Bionics Institute

East Melbourne, Australia

Bionics Institute

East Melbourne, Australia
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Peterson A.J.,Leibniz Institute for Neurobiology | Irvine D.R.F.,Monash University | Irvine D.R.F.,Bionics Institute | Heil P.,Leibniz Institute for Neurobiology | Heil P.,Center for Behavioral Brain science
Journal of Neuroscience | Year: 2014

In mammalian auditory systems, the spiking characteristics of each primary afferent (type I auditory-nerve fiber; ANF) are mainly determined by a single ribbon synapse in a single receptor cell (inner hair cell; IHC).ANFspike trains therefore provide a window into the operation of these synapses and cells. It was demonstrated previously (Heil et al., 2007) that the distribution of interspike intervals (ISIs) of cat ANFs during spontaneous activity can be modeled as resulting from refractoriness operating on a non-Poisson stochastic point process of excitation (transmitter release events from the IHC). Here,weinvestigate nonrenewal properties of these cat-ANF spontaneous spike trains, manifest as negative serial ISI correlations and reduced spike-count variability over short timescales.Apreviously discussed excitatory process, the constrained failure of events from a homogeneous Poisson point process, can account for these properties, but does not offer a parsimonious explanation for certain trends in the data. We then investigate a three-parameter model of vesicle-pool depletion and replenishment and find that it accounts for all experimental observations, including the ISI distributions, with only the release probability varying between spike trains. The maximum number of units (single vesicles or groups of simultaneously released vesicles) in the readily releasable pool and their replenishment time constant can be assumed to be constant (∼4 and 13.5 ms, respectively). We suggest that the organization of the IHC ribbon synapses not only enables sustained release of neurotransmitter but also imposes temporal regularity on the release process, particularly when operating at high rates. © 2014 the authors.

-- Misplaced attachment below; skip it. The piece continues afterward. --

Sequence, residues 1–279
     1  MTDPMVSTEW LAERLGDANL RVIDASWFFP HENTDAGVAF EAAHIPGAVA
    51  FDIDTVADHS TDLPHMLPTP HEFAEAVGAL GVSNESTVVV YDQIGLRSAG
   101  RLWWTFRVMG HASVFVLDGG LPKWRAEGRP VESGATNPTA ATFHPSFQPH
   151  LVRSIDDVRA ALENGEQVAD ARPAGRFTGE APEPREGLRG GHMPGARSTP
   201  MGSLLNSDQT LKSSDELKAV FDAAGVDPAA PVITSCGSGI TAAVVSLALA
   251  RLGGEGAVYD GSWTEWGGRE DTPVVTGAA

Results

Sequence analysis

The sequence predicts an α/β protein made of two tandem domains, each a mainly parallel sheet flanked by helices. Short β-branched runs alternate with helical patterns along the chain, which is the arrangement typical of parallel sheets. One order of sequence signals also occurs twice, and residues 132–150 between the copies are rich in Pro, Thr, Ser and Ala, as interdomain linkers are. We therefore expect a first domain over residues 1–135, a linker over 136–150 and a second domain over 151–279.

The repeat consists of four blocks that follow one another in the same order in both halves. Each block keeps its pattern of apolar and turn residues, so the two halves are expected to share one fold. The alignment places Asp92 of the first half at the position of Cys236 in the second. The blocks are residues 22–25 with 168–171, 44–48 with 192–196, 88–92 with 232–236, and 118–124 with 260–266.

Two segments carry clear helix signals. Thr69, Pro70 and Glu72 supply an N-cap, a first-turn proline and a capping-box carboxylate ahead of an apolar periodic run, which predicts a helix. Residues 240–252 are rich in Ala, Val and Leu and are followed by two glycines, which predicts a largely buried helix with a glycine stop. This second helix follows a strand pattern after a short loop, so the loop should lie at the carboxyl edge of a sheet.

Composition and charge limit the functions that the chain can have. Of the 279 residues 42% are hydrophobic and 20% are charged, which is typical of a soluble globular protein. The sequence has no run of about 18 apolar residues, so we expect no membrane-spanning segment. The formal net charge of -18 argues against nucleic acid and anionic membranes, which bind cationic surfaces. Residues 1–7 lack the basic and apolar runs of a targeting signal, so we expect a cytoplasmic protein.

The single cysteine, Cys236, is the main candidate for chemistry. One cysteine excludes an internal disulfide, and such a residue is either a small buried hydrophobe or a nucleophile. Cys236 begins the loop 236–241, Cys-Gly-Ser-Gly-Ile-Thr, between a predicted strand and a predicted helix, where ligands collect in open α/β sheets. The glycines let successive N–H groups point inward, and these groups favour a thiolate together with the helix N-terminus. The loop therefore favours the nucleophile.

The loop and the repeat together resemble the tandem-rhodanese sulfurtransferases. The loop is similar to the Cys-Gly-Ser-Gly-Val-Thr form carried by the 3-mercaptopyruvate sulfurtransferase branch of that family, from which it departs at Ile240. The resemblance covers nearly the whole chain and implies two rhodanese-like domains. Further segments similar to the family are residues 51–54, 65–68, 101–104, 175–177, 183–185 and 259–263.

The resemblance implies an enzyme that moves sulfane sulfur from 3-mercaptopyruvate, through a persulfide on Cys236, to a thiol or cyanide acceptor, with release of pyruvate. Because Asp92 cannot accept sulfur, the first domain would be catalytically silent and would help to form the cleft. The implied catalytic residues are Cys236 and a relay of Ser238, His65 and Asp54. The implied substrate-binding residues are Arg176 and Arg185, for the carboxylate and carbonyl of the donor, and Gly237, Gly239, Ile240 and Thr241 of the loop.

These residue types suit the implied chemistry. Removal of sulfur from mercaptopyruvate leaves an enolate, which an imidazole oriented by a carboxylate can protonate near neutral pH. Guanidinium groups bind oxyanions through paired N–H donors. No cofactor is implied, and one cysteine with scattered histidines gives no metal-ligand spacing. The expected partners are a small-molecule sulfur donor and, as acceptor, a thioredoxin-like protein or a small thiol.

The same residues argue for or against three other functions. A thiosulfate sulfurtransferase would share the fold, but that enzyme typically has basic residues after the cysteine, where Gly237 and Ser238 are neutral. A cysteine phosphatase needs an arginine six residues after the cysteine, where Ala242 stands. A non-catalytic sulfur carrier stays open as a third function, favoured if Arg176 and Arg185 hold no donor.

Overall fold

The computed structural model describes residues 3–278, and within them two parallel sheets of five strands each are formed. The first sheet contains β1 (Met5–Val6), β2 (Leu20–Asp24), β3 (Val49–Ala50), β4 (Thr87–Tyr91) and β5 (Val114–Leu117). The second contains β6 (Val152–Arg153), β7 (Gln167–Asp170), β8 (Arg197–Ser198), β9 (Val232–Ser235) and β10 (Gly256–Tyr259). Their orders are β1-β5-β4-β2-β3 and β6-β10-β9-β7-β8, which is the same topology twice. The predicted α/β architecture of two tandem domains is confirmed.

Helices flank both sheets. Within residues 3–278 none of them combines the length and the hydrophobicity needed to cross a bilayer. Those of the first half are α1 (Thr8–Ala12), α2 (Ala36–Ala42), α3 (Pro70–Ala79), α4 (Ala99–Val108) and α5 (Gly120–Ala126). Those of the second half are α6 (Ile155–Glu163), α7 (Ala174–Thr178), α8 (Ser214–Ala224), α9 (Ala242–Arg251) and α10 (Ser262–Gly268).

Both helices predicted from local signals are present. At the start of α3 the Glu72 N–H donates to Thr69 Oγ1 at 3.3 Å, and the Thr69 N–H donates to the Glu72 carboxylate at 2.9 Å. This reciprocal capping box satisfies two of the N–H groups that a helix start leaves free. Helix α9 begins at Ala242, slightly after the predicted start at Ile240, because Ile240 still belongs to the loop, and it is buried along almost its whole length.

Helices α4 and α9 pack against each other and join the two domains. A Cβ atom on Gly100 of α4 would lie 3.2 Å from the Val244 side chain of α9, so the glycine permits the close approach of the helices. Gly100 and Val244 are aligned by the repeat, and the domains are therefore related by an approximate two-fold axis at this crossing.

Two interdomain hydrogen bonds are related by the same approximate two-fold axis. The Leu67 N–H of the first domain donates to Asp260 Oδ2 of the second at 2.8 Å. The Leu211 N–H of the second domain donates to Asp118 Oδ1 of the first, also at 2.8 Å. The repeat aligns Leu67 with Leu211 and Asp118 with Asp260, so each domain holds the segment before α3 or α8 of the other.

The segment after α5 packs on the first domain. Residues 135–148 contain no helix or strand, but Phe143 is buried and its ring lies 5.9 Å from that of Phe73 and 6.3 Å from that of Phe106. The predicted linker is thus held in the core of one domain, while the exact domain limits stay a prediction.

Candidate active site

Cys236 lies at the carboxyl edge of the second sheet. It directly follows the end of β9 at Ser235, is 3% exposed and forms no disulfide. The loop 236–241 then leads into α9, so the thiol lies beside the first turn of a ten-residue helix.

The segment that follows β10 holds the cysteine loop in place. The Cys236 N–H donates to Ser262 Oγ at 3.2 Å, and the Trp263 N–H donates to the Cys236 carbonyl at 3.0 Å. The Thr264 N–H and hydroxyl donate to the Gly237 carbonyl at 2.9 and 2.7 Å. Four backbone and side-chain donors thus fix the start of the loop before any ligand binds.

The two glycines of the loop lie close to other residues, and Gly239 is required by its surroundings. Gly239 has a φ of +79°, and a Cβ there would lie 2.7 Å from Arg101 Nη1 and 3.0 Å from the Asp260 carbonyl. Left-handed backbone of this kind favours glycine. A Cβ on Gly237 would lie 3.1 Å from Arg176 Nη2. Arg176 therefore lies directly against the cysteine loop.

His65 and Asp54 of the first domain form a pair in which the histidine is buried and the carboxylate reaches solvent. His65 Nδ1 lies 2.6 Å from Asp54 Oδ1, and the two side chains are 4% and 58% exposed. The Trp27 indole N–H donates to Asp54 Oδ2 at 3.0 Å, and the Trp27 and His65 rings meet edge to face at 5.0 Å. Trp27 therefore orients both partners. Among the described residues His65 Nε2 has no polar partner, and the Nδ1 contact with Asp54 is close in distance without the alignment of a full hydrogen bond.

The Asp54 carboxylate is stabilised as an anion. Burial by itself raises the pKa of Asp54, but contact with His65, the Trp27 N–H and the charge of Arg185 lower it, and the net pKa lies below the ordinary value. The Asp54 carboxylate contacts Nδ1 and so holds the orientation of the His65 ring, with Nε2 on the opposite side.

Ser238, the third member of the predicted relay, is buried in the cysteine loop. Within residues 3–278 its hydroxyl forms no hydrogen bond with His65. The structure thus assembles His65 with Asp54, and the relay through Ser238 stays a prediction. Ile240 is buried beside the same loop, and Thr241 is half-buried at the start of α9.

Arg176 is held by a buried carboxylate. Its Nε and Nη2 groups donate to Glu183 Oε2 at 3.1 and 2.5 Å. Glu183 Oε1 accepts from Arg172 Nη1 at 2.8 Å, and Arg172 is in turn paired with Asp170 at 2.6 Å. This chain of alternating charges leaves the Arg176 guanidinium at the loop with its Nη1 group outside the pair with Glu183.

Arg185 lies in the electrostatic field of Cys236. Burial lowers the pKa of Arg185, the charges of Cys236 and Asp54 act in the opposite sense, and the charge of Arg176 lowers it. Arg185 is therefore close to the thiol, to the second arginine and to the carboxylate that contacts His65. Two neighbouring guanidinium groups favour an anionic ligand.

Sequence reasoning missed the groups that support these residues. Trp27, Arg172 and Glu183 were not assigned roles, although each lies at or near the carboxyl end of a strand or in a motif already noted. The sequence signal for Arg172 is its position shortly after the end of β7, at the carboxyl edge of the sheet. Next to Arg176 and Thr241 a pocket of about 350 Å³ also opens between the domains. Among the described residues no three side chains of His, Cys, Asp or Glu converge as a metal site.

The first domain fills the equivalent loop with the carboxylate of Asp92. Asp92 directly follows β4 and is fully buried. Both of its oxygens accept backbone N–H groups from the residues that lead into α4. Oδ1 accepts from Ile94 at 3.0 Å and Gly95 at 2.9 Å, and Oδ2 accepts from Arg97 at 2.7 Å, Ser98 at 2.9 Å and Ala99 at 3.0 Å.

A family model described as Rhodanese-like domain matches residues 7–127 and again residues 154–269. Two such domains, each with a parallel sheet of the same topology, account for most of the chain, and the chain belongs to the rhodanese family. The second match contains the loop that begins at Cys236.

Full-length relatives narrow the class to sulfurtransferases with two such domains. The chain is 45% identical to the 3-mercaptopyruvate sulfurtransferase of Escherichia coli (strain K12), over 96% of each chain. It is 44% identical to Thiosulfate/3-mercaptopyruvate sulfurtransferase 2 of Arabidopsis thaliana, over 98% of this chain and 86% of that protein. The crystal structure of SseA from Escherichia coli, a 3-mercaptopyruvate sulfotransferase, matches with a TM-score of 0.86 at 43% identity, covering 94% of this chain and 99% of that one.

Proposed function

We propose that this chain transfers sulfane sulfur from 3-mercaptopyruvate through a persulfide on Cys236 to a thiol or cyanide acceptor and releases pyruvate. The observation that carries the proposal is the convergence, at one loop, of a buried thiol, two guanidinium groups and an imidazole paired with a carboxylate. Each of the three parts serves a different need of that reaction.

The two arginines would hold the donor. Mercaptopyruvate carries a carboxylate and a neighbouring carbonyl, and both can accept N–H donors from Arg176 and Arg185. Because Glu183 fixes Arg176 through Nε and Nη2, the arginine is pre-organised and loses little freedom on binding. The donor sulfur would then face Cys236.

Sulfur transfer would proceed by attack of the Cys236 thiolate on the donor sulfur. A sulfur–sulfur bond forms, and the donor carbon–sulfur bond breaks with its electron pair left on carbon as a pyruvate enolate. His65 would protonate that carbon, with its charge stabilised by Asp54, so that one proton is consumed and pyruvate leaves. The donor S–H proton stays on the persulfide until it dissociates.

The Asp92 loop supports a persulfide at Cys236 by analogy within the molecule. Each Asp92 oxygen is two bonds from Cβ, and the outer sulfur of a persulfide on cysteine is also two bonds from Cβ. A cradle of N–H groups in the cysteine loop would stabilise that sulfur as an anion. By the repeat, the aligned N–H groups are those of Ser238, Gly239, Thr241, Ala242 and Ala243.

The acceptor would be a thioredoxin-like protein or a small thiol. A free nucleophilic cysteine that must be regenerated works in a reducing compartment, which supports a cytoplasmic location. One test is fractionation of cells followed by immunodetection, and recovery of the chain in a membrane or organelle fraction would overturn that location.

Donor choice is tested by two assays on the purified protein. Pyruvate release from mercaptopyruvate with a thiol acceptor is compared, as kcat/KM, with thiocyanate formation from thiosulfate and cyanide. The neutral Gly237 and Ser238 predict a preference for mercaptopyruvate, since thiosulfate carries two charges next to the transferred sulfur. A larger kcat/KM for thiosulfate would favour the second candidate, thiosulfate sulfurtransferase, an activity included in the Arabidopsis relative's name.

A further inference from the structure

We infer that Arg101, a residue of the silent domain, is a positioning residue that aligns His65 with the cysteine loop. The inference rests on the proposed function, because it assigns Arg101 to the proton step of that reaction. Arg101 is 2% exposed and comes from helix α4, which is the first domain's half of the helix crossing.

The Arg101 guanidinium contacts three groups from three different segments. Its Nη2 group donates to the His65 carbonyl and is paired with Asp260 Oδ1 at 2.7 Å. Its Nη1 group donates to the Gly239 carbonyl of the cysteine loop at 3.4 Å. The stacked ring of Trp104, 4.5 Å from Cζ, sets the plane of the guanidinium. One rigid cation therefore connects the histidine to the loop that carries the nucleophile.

Gilson M.,RIKEN | Gilson M.,University of Melbourne | Fukai T.,RIKEN | Burkitt A.N.,University of Melbourne | Burkitt A.N.,Bionics Institute
PLoS Computational Biology | Year: 2012